In addition to controlling risk of failure, several of these projects, when implemented, will provide a significant annual savings to help HSPH reduce its overall energy budget. Two projects alone are estimated to reduce annual energy costs by up to $268,000. Additionally, the creation of a quarterly performance report will be a good management tool to help HSPH monitor and measure the improvement in, and effectiveness of, its program.

Integral to the success of this project has been Bond's contractor estimating expertise. This business tool is a key to a practitioner's energy/asset program approach because it provided validity to the implementation process. Who better to determine the project cost than the firm responsible for implementation?


The proactive practitioner's approach is a simple, but effective, measure that will help facility managers begin to gain control of rising energy costs and deferred maintenance. It brings a design-build approach to small projects. This proactive Assess - Implement model is truly a pioneering concept in the industry, noted Riccardi. A summary of the components is included in the sidebar.ES

Side bar 1

The FCI benchmark scale is as follows:

  • FCI of 0.00 to 0.05 indicated the equipment in "Showpiece Facility" condition;
  • FCI of 0.06 to 0.15 indicated the equipment in "Comprehensive Stewardship" condition;
  • FCI of 0.16 to 0.29 indicated the equipment in "Managed Care" condition;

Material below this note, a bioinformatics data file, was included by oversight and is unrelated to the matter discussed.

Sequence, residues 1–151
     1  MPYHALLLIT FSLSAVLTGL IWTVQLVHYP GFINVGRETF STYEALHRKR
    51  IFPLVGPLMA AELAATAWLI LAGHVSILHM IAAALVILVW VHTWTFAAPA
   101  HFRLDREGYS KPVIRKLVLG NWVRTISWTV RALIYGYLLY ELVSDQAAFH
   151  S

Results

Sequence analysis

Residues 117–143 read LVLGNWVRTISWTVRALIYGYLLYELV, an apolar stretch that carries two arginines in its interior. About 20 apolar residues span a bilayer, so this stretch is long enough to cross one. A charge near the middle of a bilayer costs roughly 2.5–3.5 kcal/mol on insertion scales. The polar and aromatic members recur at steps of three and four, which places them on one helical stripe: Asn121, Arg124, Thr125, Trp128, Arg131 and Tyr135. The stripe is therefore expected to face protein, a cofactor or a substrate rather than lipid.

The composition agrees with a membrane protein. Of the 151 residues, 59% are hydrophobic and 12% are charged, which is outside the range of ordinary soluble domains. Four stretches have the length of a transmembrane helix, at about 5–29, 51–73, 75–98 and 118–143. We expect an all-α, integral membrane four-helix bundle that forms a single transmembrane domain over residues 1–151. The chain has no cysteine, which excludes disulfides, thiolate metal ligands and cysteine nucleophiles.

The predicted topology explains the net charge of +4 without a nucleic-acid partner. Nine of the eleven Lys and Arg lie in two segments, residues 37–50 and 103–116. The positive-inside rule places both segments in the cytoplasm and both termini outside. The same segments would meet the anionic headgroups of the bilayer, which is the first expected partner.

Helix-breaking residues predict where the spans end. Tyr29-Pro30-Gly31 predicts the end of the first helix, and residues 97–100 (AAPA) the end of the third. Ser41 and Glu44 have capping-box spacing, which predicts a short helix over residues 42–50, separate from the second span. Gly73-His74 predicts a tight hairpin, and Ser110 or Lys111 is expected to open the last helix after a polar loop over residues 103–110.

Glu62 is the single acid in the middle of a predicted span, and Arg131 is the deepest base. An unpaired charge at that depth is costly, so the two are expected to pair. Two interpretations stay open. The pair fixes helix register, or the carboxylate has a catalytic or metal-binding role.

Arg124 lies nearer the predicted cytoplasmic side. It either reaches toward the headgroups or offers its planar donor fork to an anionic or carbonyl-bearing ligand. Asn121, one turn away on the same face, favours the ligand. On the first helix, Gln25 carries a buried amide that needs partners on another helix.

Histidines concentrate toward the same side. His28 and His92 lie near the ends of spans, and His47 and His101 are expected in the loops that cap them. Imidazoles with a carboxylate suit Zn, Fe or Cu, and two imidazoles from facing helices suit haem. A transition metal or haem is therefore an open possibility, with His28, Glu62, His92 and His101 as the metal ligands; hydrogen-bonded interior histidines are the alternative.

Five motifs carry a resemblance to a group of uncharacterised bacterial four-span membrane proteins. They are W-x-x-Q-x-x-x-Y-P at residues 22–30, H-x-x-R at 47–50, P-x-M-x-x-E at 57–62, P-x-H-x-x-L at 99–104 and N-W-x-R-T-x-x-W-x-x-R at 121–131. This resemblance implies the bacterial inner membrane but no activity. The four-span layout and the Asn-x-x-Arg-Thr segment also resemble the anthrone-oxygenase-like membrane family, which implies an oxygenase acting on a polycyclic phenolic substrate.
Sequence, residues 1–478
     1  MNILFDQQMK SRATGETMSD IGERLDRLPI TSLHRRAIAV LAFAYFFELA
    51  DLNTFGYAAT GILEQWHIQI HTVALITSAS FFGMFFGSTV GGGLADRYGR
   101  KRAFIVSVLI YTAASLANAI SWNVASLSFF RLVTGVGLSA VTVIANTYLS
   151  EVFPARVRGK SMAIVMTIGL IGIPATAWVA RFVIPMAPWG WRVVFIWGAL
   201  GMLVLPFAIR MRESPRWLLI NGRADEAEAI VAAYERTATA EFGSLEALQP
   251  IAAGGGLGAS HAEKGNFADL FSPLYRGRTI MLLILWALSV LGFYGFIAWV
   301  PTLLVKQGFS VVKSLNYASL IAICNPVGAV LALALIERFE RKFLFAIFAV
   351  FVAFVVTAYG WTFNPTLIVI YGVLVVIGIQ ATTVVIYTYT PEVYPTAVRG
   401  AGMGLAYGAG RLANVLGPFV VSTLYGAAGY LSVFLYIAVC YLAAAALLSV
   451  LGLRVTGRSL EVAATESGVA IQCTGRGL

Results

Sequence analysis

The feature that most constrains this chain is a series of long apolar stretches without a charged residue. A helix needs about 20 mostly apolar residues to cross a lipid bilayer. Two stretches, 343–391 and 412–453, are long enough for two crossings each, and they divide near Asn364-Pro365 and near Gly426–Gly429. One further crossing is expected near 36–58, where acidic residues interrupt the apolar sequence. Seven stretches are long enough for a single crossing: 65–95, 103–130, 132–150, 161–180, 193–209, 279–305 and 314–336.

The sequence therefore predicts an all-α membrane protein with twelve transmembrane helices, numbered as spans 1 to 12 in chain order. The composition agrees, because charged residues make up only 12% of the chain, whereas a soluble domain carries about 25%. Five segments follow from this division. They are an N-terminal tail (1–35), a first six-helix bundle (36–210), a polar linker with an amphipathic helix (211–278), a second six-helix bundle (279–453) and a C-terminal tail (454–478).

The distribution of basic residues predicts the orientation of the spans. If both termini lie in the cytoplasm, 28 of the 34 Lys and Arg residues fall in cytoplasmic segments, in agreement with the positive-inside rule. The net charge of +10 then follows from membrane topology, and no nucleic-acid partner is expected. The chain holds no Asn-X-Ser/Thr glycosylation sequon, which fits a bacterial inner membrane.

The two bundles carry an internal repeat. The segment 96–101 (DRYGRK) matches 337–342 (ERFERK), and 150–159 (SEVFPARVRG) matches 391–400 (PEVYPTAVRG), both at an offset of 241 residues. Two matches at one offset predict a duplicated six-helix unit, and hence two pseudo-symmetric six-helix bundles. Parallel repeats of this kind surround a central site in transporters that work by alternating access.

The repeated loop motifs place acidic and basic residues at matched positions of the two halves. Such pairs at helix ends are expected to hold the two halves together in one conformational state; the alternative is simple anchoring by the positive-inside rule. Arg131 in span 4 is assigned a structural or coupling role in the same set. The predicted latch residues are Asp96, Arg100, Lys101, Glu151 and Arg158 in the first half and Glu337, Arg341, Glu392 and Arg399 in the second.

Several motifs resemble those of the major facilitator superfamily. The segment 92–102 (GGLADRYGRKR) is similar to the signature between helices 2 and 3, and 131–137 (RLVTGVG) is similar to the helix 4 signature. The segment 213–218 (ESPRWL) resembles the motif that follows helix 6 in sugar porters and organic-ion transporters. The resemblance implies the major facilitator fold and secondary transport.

• FCI of 0.30 to 0.50 indicated the equipment in "Reactive Management" condition;
  • FCI of 0.51 or higher indicated the equipment in "Crisis Response" condition.

Side bar 2

Assess - Implement™ In Action

Step 1: Assess

Condition assessments:

  • Inventory assets;
  • Review existing studies;
  • Conduct new study;
  • Review CMMS data; and
  • Interview staff.

Analyze utility usage:

  • Electricity;
  • Heat;
  • Water; and
  • Identify available utility rebate programs.


  • Assess MEP system performance.
  • Summarize based on benchmarks:
  • Facility Condition Index; and
  • ROI.

Summarize based on master planning efforts:

  • Integrate with goals and objectives.
Step 2: Implement Design:

  • Energy focus; and
  • Maintainability.
Budget cost estimates:

  • Contractor validated; and
  • Identify available utility rebate programs.

  • Bundled projects; and
  • Establish prioritization scheme.
Continuous monitoring and analysis of improvements:

  • Establish benchmarks;
  • Regular reporting; and
  • Analysis and adjustments.

Selecting simple, industry-wide benchmarks is helpful in helping prioritize projects to fit into the facility manager's ever-shrinking budget. Educating financial staff on these industry benchmarks can help substantiate your deferred maintenance needs and budget. Benchmarks also ensure that assessment approaches include master planning considerations so that recommendations are readily executable, and do not require further staff analysis (i.e., who has the extra time?).

Key: ECM-1E - Electrical; ECM-1P - Plumbing; ECM-1H - HVAC; ECM-1G - General